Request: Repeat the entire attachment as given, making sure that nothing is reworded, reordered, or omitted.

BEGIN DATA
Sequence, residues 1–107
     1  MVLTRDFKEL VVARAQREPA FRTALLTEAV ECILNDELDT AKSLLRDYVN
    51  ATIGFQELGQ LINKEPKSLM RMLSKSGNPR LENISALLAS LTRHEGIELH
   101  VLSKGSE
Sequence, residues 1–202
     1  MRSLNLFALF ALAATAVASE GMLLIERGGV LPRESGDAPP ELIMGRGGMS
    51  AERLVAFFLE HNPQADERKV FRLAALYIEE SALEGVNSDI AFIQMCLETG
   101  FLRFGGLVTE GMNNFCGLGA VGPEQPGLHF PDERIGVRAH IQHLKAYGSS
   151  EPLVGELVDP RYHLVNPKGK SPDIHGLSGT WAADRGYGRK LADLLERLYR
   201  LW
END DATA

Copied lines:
Sequence, residues 1–107
     1  MVLTRDFKEL VVARAQREPA FRTALLTEAV ECILNDELDT AKSLLRDYVN
    51  ATIGFQELGQ LINKEPKSLM RMLSKSGNPR LENISALLAS LTRHEGIELH
   101  VLSKGSE
Sequence, residues 1–202
     1  MRSLNLFALF ALAATAVASE GMLLIERGGV LPRESGDAPP ELIMGRGGMS
    51  AERLVAFFLE HNPQADERKV FRLAALYIEE SALEGVNSDI AFIQMCLETG
   101  FLRFGGLVTE GMNNFCGLGA VGPEQPGLHF PDERIGVRAH IQHLKAYGSS
   151  EPLVGELVDP RYHLVNPKGK SPDIHGLSGT WAADRGYGRK LADLLERLYR
   201  LW